Venezuelans have protested for some time now due to the country's worsening economic situation. In 2016, inflation was at 800 percent while the Venezuelan economy contracted by 18.6 percent. A survey released early this year found out that 75 percent of Venezuelans lost 19 pounds each in weight because of poor nutrition. The crisis also brought a rise in a political issues, social movements, increased murder rates and the lack of essential commodities such as toilet paper, milk, and medicine. There have also been reports that some Venezuelans are scavaging from garbage, eating wild fruits and waiting in long queues in food stores and banking halls.

Venezuela's economic crisis

Financial problems in Venezuela began in late 2008 when the prices of crude oil plummeted to below $46. Oil made a significant portion of the country's foreign exchange earnings. Lack of oil revenues at that time reduced the country's GDP. The country's currency which is pegged to the U.S dollar was devalued in early January 2010 from 2.1 Bolivars for one U.S dollar to 4.3 Bolivars for one U.S dollar; the devaluation was made to weaken its currency and to increase earnings from exports by making them cheaper. Currency devaluation, however, does not work well with economic indicators such as inflation. Inflation increases when a country's currency is devalued. This phenomenon is caused by importers who find it unprofitable to sell to a country whose currency has been devalued.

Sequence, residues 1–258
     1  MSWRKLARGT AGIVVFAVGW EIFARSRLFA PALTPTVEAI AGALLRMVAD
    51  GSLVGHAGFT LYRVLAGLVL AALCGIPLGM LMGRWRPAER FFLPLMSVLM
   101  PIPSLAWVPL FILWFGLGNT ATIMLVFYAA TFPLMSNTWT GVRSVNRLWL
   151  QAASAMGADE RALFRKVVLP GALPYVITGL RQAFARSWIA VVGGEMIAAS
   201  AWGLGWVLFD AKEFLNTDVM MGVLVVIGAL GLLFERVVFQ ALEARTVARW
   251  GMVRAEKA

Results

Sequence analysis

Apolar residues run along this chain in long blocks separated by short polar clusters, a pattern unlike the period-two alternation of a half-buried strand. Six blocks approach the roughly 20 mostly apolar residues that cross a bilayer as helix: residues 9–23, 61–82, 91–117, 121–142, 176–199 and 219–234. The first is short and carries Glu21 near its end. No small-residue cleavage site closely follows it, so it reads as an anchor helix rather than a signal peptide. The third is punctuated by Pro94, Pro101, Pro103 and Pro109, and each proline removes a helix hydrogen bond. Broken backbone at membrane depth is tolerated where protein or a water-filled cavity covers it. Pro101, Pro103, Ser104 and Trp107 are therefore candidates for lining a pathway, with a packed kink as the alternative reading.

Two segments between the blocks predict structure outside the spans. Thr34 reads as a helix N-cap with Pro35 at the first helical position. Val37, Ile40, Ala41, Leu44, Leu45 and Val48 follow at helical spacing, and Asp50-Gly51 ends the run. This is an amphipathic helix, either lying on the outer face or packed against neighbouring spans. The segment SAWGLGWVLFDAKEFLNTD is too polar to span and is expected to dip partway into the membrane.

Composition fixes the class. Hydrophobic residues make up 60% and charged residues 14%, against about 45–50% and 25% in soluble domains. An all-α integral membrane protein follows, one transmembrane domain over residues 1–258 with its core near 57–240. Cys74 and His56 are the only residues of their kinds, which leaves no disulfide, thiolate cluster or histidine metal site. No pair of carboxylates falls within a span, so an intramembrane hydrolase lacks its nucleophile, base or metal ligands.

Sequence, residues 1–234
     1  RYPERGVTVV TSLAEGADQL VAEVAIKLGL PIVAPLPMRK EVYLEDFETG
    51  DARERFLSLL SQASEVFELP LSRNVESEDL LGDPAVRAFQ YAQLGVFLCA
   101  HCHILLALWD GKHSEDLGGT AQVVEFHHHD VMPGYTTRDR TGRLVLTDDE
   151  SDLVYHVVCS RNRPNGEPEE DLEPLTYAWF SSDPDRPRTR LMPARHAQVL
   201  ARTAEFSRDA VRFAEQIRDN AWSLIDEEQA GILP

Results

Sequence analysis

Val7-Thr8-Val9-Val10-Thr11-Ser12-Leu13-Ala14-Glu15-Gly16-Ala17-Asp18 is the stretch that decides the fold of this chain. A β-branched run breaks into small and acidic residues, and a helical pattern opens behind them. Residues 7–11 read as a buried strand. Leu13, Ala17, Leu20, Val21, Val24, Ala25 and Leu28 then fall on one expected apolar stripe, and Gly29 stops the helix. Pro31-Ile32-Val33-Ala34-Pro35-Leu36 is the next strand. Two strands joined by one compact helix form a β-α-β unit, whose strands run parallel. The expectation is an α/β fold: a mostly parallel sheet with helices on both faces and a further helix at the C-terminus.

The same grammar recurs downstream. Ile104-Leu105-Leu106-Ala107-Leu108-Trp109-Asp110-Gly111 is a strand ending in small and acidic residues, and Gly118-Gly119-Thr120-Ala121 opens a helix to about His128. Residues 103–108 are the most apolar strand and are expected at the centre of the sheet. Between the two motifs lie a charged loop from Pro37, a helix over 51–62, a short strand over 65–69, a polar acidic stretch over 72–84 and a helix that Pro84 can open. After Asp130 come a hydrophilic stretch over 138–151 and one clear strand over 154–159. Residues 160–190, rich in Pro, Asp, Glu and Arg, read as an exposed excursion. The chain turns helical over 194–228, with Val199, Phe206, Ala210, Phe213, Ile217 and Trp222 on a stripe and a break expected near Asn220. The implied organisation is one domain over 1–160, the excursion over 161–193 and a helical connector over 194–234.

Venezuela imports food and raw materials which are necessities that are necessary for production and living.

A second devaluation of the country's currency occurred in February 2013 where the currency was devalued from 4.3 Bolivars for one U.S dollar to 6.2 Bolivars for one U.S dollar; this again was to ensure exports are cheap and that the country acquires enough foreign currency needed to purchase imports.

Inflation went up, and the cost of production and living went up as well. In Mid February 2014, the oil price averaged $108 per barrel, it plummeted to $52 in January 2015 and later to $26 in early 2016. The low price of oil worsened the economic situation of Venezuela as the country was not able to acquire enough foreign currency to pay for its exports.

The country's currency was devalued for the third time in ten years in March 2016 from 6.2 Bolivars for one U.S dollar to 9.9 Bolivars for one U.S dollar. Inflation in early January 2016 was 180 percent, it stood at 741 percent in January this year. The countries foreign exchange reserves also dropped from 4 billion U.S dollars to 1 billion in June this year according to

Other problems that worsened the economic situation

  • Price controls made it hard for producers to make a profit because they were selling at a cost below the costs of production.
  • Riots hampered distribution of products, kept tourists out of the country and increased the country's inflation rate.
  • Panic buying deprived store shelves off essential commodities due to the fear that such products might lack in the future.